Iron nanoparticle-labeled murine mesenchymal stromal cells in an osteoarthritic model persists and suggests anti-inflammatory mechanism of action


Autoři: Amanda M. Hamilton aff001;  Wing-Yee Cheung aff002;  Alejandro Gómez-Aristizábal aff002;  Anirudh Sharma aff002;  Sayaka Nakamura aff002;  Amélie Chaboureau aff002;  Shashank Bhatt aff002;  Razieh Rabani aff002;  Mohit Kapoor aff002;  Paula J. Foster aff001;  Sowmya Viswanathan aff002
Působiště autorů: Imaging Research Laboratories, Robarts Research Institute, London, ON, Canada aff001;  The Arthritis Program, Toronto Western Hospital, Toronto, ON, Canada aff002;  Division of Genetics and Development, Krembil Research Institute, University Health Network, Toronto, ON, Canada aff003;  Department of Surgery, Department of Laboratory Medicine and Pathobiology, University of Toronto, Toronto, ON, Canada aff004;  Department of Medical Biophysics, Schulich School of Medicine and Dentistry, Western University, London, ON, Canada aff005;  Institute of Biomaterials and Biomedical Engineering, University of Toronto, Toronto, ON, Canada aff006;  Department of Medicine, University of Toronto, Toronto, ON, Canada aff007
Vyšlo v časopise: PLoS ONE 14(12)
Kategorie: Research Article
prolekare.web.journal.doi_sk: 10.1371/journal.pone.0214107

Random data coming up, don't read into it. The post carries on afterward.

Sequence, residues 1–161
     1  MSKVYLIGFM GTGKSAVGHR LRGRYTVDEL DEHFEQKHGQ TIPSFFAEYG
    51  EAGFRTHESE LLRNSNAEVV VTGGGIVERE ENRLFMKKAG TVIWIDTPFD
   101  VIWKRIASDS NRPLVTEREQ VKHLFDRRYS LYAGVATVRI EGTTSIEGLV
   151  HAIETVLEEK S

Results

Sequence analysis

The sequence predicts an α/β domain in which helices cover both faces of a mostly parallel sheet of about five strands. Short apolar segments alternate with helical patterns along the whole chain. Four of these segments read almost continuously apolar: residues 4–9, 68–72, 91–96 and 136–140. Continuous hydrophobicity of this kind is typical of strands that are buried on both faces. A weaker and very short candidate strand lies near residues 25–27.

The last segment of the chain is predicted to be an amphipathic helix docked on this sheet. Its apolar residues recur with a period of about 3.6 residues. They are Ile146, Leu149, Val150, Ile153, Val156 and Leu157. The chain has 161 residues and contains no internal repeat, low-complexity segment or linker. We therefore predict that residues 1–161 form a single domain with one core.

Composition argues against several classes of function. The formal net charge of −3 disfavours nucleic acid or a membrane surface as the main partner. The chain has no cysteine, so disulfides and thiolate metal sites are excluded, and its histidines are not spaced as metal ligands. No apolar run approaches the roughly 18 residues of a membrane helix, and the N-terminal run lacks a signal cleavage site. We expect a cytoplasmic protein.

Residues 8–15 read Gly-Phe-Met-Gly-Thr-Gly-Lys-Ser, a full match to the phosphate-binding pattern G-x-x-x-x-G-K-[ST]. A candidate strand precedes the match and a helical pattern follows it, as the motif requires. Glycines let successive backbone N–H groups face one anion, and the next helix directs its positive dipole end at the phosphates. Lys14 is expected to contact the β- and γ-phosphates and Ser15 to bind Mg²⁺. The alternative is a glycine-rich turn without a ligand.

Souhrn

Osteoarthritis (OA) is characterized by cartilage degradation and chronic joint inflammation. Mesenchymal stem cells (MSCs) have shown promising results in OA, but their mechanism of action is not fully understood. We hypothesize that MSCs polarize macrophages, which are strongly associated with joint inflammation to more homeostatic sub-types. We tracked ferumoxytol (Feraheme, iron oxide nanoparticle)-labeled murine MSCs (Fe-MSCs) in murine OA joints, and quantified changes to joint inflammation and fibrosis. 10-week-old C57BL/6 male mice (n = 5/group) were induced to undergo osteoarthritis by destabilization of medical meniscus (DMM) or sham surgery. 3 weeks post-surgery, mice were injected intra-articularly with either fluorescent dye-(DiR) labeled or DiR-Fe-MSC or saline to yield 4 groups (n = 5 per group for each timepoint [1, 2 and 4weeks]). 4 weeks after injection, mice were imaged by MRI, and scored for i) OARSI (Osteoarthritis Research Society International) to determine cartilage damage; ii) immunohistochemical changes in iNOS, CD206, F4/80 and Prussian Blue/Sca-1 to detect pro-inflammatory, homeostatic and total macrophages and ferumoxytol -labeled MSCs respectively, and iii) Masson’s Trichrome to detect changes in fibrosis. Ferumoxytol-labeled MSCs persisted at greater levels in DMM vs. SHAM-knee joints. We observed no difference in OARSI scores between MSC and vehicle groups. Sca-1 and Prussian Blue co-staining confirmed the ferumoxytol label resides in MSCs, although some ferumoxytol label was detected in proximity to MSCs in macrophages, likely due to phagocytosis of apoptotic MSCs, increasing functionality of these macrophages through MSC efferocytosis. MRI hypertintensity scores related to fluid edema decreased in MSC-treated vs. control animals. For the first time, we show that MSC-treated mice had increased ratios of %CD206+: %F4/80+ (homeostatic macrophages) (p<0.05), and decreased ratios of %iNOS+: %F4/80+ macrophages (p<0.01), supporting our hypothesis that MSCs may modulate synovial inflammation.

Klíčová slova:

Inflammation – Knee joints – Knees – Macrophages – Magnetic resonance imaging – Mesenchymal stem cells – Osteoarthritis – Skeletal joints


Zdroje

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Článok vyšiel v časopise

PLOS One


2019 Číslo 12